• batting/insulation
  • butyl rubber
  • Mass loaded Vinyl:
    • via isostore

      “Mass loaded vinyl tests show little to no gain when included in assemblies using resilient clips or resilient channel. The gains achieved with the MLV in basic walls, floors, and ceilings are created by resolving resonance issues and not from the actual mass of the MLV. The standalone rating is only relevant when the material is exposed, i.e. around pipes, duct, hung from fences, in curtains over windows or doors, etc.”

    • via isostore

      “The goal of wrapping pipes and ducts is to minimize surface vibration
      resonance. Installation is simple by cutting the MLV to fit, overlapping
      slightly, and taping the seam with a basic duct or foil tape. Both tape
      products can be purchased from any local hardware store.”

    • 1lb MLV ~= 4dB Attenuation.

Standard construction = 2×4 studs, insulation (pink stuff?) 1 sheet of 5/8″ drywall on each side

dBA STC Configuration/Product
33 Standard wall construction, minus insulation
38 40 Standard wall construction
45 Standard wall construction, w/ 2 sheets of 5/8″ drywall on each side
42 44-45 Standard wall construction, 1lb MLV on one side
47 52 Standard wall construction, 1 layer green glue between 2 sheets 5/8″ drywall one side
49 55 Standard wall construction, resilient channel assembly on 1 side
55 Double layer of 1/2″ drywall on each side, on staggered wood stud wall, batt insulation in wall
51 56 Standard wall construction, 1 layer green glue between 2 sheets 5/8″ drywall both sides
72 8″ concrete block wall, painted, with 1/2″ drywall on independent steel stud walls, each side, insulation in cavities

References: * *

Some Sound levels:

STC What can be heard
25 Normal speech can be understood quite easily and distinctly through wall
30 Loud speech can be understood fairly well, normal speech heard but not understood
35 Loud speech audible but not intelligible
40 Onset of “privacy”
42 Loud speech audible as a murmur
45 Loud speech not audible; 90% of statistical population not annoyed
50 Very loud sounds such as musical instruments or a stereo can be faintly heard; 99% of population not annoyed.
60+ Superior soundproofing; most sounds inaudible
  • Quiet bedroom at night, = 30 dB (SPL)
  • Conversational speech, 1 m = 60 dB (SPL)
  • Hammer stroke on brass tubing or steel plate at 1 m distance = 160 dBA
  • Hammer stroke in a smithy at 5 m distance (greatest level) = 150 dBA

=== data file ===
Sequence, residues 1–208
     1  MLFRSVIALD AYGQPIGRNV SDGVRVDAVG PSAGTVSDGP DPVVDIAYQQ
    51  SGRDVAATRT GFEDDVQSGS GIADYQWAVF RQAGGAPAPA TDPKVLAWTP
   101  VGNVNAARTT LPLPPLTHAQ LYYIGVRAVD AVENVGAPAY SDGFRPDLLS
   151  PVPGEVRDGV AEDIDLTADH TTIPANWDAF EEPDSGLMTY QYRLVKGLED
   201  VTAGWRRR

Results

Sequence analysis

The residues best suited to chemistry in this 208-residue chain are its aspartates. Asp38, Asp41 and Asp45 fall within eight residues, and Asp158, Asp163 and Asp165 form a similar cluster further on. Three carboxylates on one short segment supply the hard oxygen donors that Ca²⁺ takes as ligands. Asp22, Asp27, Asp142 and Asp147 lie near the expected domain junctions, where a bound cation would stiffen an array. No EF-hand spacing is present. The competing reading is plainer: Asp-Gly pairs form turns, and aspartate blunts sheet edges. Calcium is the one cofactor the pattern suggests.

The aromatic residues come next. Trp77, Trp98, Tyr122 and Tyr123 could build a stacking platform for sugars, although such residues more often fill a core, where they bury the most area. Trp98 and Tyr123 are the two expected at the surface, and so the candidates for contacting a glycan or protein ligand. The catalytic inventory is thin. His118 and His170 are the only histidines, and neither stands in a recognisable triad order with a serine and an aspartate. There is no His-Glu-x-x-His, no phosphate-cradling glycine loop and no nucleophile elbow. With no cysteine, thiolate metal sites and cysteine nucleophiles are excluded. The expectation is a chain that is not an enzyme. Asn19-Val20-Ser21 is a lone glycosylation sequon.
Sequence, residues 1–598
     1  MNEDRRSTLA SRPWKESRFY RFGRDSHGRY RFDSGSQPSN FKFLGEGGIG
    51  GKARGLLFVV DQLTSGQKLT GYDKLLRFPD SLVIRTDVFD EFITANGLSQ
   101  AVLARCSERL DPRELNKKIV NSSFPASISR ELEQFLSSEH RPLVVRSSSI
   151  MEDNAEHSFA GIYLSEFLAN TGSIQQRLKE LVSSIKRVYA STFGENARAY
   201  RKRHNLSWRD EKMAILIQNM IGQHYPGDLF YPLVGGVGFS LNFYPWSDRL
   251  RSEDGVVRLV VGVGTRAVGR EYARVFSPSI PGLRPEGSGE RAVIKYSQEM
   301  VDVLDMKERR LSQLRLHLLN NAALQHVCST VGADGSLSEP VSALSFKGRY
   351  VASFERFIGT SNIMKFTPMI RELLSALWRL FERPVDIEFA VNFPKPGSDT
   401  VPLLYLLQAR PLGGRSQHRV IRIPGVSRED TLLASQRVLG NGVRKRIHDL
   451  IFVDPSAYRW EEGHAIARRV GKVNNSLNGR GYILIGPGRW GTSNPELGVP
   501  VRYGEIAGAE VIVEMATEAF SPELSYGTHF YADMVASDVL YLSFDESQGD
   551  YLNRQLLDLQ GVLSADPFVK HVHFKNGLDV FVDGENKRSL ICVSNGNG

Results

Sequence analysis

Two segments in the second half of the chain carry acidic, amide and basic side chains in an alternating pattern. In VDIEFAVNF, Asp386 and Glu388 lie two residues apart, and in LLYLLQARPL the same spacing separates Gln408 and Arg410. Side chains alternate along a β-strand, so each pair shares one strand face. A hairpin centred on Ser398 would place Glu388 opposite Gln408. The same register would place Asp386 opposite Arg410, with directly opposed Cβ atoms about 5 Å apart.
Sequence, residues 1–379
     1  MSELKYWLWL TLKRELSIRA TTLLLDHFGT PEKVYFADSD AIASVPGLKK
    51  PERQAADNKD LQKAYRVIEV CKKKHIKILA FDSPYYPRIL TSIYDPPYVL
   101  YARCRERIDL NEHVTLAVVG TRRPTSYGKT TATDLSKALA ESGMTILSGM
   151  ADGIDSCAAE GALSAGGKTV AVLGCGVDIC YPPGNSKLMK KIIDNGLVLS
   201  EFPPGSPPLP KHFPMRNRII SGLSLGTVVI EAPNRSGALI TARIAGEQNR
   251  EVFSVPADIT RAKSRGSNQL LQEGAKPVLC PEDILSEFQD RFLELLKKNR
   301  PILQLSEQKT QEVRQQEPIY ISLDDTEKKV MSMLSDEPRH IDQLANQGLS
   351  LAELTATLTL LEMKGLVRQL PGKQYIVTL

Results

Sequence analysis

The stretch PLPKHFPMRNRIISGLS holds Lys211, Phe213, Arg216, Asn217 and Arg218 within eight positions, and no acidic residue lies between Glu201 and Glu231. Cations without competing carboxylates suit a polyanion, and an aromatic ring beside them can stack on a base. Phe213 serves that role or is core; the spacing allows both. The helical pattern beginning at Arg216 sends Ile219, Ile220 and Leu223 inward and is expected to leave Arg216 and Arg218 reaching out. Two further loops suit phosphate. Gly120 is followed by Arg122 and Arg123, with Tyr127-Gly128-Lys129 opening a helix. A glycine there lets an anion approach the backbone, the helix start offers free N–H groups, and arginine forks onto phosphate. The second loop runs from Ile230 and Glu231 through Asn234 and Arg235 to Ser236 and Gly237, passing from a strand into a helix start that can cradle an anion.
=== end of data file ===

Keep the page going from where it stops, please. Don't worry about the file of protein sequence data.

• Angle grinder outside at 1 m distance = 90 dBA
  • Hammer on Nail 104 dB
  • Hand Saw 80-90 dB
  • vacuum cleaner 70 dB
  • washing machine dishwaser 65 dB

Ok, so now some math:

 90dB Hand Saw (assume 1m?)
-20dB ~30ft = ~10m from workbench to bedroom = 1/10 distance
------ -------------------------------------------------------
 70dB ~30ft = ~10m from workbench to bedroom = 1/10 distance
-30dB "quiet bedroom"
------ -------------------------------------------------------
 40dB Attenuation needed in ceiling and walls

So, according to that math, I should already be have a “quiet bedroom”. Which means that either:

  • The sound is coupling much better into the HVAC ductwork than calculated (I haven’t been able to find any data on coupling to ductwork).
  • The garage is creating echos, or in other words, the 1/r^2 loss doesn’t apply because of the extra echos.
  • Most likely, because one of the walls had about a 3″ gap in the dry wall along the bottom edge, I wasn’t even getting the ~33dB attenuation from “Standard wall construction”.

Cost Estimates

2lb MLV $4.86/sqft
1lb MLV $2-$6.50/sqft
Green Glue (2 tubes per 4×8=32sqft) $1.25/sqft
OSB 7/16″ $0.47/sqft
Drywall 5/8″ $0.43/sqft

Dry Air in the Winter House

So, a while back we replaced an old furnace with a heat exchanger heated by a tankless hot water system. Becky noticed that the air seemed not quite as dry as with the old furnace.

My initial thought, was that the heat exchanger in the old furnace would get hotter, and therefore burn off more moisture, while the hot water powered solution would limit how much the heat exchanger would heat the air. However, during today’s hike, Peter pointed out that the moisture would presumably find its way to the rest of the house. Grrrrr.